DRCNet Response to the
Drug Enforcement Administration
|The DEA State and Local Task Force Program was established in 1970 under DEA's predecessor agency, the Bureau of Narcotics and Dangerous Drugs. Although the program was originally viewed as State and local assistance, the task forces have become a major resource in drug law enforcement, and the concept has been duplicated in major initiatives at the federal level.||For a good history of how the DEA came into existence, see Agency of Fear.|
|This program is especially important to theDEA because it carries out one of its priority initiatives; addressing the problem of drug-related violent crime. Through the State and Local Task Force Program, DEA is involved in investigations that have direct links to the community. For example, local investigators will know their communities, the local drug dealers and their methods. This program allows DEA to share information and coordinate activities with the state and local law enforcement organizations.||The DEA again fails to note that drug-related violent crime comes from two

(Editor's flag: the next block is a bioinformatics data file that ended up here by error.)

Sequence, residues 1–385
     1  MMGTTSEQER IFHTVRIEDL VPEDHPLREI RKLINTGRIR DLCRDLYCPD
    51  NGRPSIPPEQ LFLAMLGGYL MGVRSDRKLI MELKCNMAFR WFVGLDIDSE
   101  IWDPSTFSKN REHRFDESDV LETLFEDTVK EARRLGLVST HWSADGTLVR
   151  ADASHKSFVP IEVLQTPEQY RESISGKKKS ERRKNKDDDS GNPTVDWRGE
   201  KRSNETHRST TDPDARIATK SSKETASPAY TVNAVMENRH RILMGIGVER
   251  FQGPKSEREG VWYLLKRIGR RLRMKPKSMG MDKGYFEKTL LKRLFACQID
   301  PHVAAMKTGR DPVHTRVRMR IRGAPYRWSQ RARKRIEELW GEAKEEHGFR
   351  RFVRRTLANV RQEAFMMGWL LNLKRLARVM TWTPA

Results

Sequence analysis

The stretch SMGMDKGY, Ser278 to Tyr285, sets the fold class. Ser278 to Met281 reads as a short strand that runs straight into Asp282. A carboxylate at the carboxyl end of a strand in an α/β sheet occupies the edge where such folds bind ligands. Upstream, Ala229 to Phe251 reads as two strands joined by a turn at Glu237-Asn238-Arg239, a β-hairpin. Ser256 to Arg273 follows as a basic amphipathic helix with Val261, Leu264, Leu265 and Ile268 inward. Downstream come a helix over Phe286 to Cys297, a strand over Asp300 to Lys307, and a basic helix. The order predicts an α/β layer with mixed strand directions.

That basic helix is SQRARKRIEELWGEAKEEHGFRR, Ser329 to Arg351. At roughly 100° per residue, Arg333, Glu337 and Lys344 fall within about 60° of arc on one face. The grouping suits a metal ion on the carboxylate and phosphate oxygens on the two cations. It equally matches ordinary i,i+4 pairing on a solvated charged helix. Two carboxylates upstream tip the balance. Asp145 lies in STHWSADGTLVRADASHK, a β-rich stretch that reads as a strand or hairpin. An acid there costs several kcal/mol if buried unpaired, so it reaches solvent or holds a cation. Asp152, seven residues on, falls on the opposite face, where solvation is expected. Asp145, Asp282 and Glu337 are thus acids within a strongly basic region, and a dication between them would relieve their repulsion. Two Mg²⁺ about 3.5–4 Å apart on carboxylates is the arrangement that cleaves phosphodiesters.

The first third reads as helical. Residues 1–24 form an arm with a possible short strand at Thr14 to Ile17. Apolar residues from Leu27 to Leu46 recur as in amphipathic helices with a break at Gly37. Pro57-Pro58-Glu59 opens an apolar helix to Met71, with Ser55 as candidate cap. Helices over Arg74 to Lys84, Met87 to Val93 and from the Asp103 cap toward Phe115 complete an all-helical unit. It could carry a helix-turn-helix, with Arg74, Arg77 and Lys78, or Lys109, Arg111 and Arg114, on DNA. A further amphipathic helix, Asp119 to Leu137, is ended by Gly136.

2) the high profits associated with drug prohibition.
See Psychoactive Substances and Violence,by the US Department of Justice.
|The program has a multiplier effect as federal, state and local agencies combine expertise and resources. Another benefit is that state and local law enforcement agencies can receive assets forfeited as a result of cases made against drug dealers.||One of the reasons that narcotics agents like this program is because it increases their forfeitures - see Forfeiture Endangers American Rights.|
|The DEA State & Local Task Force Program now consists of 134 state and local task forces, of which 96 are formal and 38 provisional. These task forces are currently staffed by 668 DEA Special Agents and 1,769 state and local police officers.|
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